Although the extras are still not enough for a movie as great as this, they still are slightly better than the extras that Volume 1 had. The first extra is "The Making of Kill Bill: Vol. 2," which is a 26 minute behind the scenes look at Volume 2. I would say that this is a standard "making of" extra, but Tarantino's enthusiasm for his film elevates this making above the boring standard makings we are used to seeing. Most of the making is about the characters in the film and the actors' take on their roles. We also get an interesting look at actors Gordon Liu and Michael Parks and the two characters they each played in Volume 1 and 2. Interviews with Uma Thurman, David Carradine, Michael Madsen, Daryl Hannah and of course Tarantino himself are included. The making also discusses some aspects of the score with Robert Rodriguez, who interestingly enough agreed to do the score for the film for free.

The second extra is an 11 minute performance at the Kill Bill: Volume 2 Premiere by Chignon, a Latin music group which includes director and one of the film's composers Robert Rodriguez. They perform their track "Malaguena Salerosa" included in the film's soundtrack. Personally, that track was one of my favorites on the album, so it was great to see it performed live. The group also performs a second song which is equally fun to listen to. It's not the greatest extra to have on a DVD, but still fun to watch and listen to.

The final extra is a 3 1/2 minute deleted scene involving David Carradine and Michael Jai White (whose accent is an homage to the villains in the classic Bruce Lee films) in a street fight in a Chinese village. I thought the scene was done extremely well and I am still unsure as to why Tarantino left it out. I remember seeing a short clip of this scene in the films trailer and I was eager to see it in the film. Unfortunately it wasn't used in either film. Tarantino claims that he "couldn't fit it" into the film, but I think he could have found a good spot for it during one of the flashback scenes for The Bride or Bill. The fight scene is choreographed extremely well and is very exciting to watch.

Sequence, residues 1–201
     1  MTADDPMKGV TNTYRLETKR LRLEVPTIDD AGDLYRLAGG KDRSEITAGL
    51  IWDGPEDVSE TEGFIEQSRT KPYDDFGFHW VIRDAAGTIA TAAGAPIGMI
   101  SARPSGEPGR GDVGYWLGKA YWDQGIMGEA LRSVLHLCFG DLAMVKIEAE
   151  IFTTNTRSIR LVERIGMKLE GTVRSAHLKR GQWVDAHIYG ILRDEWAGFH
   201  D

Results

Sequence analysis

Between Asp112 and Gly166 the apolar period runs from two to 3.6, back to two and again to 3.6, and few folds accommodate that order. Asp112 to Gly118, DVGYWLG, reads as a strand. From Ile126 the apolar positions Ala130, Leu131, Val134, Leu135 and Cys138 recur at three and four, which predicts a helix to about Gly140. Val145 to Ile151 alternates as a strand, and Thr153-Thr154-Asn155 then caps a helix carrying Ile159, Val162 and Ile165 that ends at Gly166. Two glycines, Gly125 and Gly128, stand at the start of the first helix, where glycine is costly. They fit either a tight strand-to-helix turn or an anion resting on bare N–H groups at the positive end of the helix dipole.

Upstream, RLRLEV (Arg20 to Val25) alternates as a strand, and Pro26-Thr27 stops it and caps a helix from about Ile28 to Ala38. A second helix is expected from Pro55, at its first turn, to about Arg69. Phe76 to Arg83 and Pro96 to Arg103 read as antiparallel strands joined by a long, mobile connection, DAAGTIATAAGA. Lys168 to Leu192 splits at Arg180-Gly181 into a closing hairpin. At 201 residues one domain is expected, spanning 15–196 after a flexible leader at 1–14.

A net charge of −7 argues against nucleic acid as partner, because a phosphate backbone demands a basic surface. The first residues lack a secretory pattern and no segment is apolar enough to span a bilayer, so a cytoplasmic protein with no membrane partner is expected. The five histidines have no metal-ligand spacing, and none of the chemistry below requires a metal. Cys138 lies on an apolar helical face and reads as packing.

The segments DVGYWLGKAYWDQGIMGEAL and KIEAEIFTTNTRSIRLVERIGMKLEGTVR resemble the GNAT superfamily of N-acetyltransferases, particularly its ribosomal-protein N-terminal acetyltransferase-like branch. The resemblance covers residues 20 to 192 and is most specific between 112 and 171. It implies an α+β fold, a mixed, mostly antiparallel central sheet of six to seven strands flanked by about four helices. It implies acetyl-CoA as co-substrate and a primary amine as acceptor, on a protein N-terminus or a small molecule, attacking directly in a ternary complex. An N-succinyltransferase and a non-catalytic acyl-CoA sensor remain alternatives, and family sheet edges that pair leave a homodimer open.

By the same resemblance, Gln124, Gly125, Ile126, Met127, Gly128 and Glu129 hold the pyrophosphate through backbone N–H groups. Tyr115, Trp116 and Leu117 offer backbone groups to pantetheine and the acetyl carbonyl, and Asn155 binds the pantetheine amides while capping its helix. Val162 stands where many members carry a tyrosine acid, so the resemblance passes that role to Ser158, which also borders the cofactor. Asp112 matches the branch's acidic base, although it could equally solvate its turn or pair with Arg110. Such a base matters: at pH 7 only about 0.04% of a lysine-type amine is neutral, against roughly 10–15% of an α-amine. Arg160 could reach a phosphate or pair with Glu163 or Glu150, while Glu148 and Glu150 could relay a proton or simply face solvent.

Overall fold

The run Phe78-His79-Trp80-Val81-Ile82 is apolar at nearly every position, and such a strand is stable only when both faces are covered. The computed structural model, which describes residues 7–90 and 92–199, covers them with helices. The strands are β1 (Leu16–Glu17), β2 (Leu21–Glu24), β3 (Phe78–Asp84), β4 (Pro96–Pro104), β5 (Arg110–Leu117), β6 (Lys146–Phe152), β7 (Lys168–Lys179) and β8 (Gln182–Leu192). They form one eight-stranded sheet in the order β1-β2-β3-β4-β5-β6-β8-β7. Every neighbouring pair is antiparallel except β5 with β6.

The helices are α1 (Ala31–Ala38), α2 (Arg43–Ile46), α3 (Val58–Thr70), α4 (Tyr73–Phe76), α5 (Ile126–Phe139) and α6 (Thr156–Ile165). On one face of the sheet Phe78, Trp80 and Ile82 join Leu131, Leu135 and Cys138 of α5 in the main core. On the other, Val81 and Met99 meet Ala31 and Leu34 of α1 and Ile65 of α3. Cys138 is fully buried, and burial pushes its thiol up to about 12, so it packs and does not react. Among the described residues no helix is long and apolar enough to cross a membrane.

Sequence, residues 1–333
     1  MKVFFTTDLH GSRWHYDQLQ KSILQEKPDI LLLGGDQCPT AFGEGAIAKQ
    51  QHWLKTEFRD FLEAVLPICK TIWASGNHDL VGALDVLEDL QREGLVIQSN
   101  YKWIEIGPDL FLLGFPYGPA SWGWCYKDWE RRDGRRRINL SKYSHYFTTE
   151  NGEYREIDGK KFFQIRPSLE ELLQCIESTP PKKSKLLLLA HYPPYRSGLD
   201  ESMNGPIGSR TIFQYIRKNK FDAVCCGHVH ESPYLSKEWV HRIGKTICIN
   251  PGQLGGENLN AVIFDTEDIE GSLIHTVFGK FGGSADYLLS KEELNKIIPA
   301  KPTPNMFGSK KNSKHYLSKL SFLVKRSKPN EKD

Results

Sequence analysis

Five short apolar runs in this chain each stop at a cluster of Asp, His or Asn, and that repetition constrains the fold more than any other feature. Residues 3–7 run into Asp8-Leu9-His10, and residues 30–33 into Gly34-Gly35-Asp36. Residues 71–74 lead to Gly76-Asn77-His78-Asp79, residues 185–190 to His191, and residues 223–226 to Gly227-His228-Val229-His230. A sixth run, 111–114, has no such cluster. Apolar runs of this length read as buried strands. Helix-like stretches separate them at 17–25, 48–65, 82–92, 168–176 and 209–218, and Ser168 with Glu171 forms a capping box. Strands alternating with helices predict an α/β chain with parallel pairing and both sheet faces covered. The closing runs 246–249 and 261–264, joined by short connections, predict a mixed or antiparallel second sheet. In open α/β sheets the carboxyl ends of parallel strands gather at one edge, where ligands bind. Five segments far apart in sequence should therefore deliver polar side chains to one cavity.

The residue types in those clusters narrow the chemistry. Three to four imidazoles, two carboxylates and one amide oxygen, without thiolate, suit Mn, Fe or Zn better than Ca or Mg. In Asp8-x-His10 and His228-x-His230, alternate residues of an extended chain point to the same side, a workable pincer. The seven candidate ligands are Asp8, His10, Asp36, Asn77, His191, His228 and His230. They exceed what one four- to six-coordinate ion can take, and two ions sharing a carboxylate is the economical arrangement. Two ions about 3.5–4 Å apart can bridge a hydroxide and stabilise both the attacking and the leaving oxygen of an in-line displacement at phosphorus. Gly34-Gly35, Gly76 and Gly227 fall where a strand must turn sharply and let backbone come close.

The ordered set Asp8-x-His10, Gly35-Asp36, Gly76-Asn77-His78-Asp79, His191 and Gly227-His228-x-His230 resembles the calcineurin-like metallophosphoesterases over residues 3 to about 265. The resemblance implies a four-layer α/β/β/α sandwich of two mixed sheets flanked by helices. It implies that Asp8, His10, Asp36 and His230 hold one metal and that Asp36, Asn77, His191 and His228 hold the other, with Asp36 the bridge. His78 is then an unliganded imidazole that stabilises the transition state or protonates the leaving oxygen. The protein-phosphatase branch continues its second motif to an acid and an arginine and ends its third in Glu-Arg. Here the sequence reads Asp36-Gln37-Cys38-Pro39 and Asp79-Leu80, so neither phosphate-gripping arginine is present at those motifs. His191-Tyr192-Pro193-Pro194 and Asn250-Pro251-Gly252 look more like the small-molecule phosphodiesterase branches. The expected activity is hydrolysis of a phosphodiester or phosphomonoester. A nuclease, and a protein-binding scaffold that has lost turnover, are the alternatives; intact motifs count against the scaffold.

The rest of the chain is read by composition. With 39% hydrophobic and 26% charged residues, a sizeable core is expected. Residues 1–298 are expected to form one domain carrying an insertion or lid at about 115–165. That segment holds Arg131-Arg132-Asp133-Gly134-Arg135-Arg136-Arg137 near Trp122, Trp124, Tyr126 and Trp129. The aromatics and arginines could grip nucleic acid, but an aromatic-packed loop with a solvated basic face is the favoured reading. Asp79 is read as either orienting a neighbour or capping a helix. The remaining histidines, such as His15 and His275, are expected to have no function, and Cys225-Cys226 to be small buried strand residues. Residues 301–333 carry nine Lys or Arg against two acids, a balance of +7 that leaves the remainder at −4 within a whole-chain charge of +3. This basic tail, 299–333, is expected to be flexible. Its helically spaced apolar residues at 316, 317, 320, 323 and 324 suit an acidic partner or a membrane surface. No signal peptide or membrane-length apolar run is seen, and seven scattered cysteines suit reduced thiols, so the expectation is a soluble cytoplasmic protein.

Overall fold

Similar to Volume 1, the sound and picture for Volume 2 is top notch. The video transfer is done extremely well, which allows all the rich colors and great cinematography in the film to come off well on screen. I had some transfer problems with the first film, but this transfer seems to be a little more crisp and sharp than Volume 1. The sound is equally as impressive as well. The DVD includes a Dolby Digital 5.1 track and a DTS 5.1 track. The amazing Morricone-esque soundtrack comes off strong, especially on the DTS track. Although the action is a lot less than in Volume 1, the sound is still impressive in the few fight scenes that the film does include.


Overall, I am going to give the DVD the same rating as I gave the first one. I enjoyed the first installment a little more, but the extra features for the second film are slightly better than the first. Miramax has already stated that they intend to release multiple versions of the film eventually. I believe that Tarantino has also stated that he is working on a "Collector's Edition" of both films, which may be released soon. As I mentioned in my review for Volume One's DVD, I would certainly recommend this DVD to anyone who loved the film and doesn't really care about the extra features. The video and audio is done well and the film itself it great. If you are a DVD collector, than I would wait for the other editions that are expected to be released within the next couple years. I'd love to see both installments eventually combined into one epic 4 1/2 hour film. Hopefully Tarantino will eventually release a director's cut of the entire installment in theaters or on DVD in the near future.